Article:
Alternative investments mean different things to different people. Is there a simple way to define the universe?

To us, an alternative investment is any strategy that can make money regardless of whether the market is up, down or flat. It's also one that has an asymmetrical risk-return profile, low exposure to market beta and a higher Sharpe ratio than traditional asset classes. For example, it could be an investment that captures more of the upside of the S&P 500 and less of the downside.

Alternatives have come into focus with the rise of the endowment model made popular by Yale's David Swensen. What diversification benefits do they offer?

Their risk-reward profile is more attractive—the return an investor can get per unit of risk is higher. But it's not just about delivering something different; it's about delivering something better. Investors have to ask themselves if they're comfortable with their equity allocation, given stocks' potential for extreme volatility, or with their fixed-income allocation, given that interest rates are likely to rise. Even if you expect the stock market to perform well over the next 10 to 15 years, a 40% decline at any time during that stretch can wreak havoc on your portfolio. An allocation to the proper alternatives strategy can help soften the blow.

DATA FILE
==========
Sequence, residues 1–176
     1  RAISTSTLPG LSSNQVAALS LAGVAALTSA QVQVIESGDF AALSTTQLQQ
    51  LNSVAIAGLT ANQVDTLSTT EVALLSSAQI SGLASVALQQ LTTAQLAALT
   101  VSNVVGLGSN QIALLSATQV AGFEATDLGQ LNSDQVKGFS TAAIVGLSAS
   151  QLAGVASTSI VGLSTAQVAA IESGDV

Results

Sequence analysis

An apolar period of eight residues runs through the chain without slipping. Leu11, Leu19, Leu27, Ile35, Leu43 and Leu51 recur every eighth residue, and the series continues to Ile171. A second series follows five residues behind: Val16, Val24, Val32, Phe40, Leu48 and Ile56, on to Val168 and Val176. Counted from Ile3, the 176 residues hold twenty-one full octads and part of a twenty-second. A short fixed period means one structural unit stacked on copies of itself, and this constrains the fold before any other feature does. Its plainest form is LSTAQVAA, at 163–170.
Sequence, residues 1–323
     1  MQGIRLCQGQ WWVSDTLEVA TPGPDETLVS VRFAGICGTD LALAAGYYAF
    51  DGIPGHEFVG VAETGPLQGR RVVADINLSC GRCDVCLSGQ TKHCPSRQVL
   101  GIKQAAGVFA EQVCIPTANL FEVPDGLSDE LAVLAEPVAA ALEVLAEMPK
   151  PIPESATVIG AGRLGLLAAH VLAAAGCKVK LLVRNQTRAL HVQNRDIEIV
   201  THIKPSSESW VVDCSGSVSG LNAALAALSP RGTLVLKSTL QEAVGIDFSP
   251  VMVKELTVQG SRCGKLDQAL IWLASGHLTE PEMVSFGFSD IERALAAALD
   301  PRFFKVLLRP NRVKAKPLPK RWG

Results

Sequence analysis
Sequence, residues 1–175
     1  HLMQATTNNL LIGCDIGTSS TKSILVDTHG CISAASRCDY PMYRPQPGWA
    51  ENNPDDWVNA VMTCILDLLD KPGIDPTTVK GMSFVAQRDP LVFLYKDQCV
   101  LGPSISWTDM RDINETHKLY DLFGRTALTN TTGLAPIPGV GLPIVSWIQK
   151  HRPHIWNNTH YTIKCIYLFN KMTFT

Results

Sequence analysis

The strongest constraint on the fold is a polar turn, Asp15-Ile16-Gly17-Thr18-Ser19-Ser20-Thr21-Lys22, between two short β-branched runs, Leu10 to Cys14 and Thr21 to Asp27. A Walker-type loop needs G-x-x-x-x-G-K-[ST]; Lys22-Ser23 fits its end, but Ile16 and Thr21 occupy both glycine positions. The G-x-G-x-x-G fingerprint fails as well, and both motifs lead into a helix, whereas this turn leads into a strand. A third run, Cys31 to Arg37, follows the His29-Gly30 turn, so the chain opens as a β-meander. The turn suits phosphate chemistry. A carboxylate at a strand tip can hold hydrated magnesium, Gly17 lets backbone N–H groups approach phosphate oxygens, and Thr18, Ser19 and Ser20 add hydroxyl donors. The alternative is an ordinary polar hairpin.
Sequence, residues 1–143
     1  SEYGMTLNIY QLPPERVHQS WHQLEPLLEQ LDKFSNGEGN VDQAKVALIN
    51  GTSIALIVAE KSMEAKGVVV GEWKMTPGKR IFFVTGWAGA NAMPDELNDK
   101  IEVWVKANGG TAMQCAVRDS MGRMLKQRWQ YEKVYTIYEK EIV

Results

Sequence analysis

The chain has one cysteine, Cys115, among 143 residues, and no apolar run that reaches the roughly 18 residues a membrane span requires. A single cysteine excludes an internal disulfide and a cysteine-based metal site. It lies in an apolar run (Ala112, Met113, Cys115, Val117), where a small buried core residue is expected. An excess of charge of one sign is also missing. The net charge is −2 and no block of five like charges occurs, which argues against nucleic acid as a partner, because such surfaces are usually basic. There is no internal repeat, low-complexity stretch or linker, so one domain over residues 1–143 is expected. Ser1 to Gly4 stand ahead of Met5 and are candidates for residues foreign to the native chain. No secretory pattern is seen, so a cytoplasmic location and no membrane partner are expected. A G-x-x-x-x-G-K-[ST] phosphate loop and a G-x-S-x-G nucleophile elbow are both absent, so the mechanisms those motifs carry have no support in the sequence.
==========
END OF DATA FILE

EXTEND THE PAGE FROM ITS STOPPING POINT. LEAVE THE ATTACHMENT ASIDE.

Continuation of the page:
Post-2008, investors are now more risk-averse. How do you strike the right balance between downside protection and generating positive returns?

In AllianzGI Structured Alpha Fund, the goal is to provide an all-weather, no-excuses stream of returns. We're supposed to make money rain or shine, with low or no correlation to stock or bond markets. At the same time, it has built-in tail-risk protection. It's designed to withstand crash-like events, like the one in October 1987, by minimizing losses during market declines that cannot be statistically forecasted. The portfolio continually aims to strike the right balance between generating consistent returns and having downside protection. And certainly, the past seven and a half years—we've managed the Structured Alpha 500 strategy for institutional clients since 2005—have been a great stress test.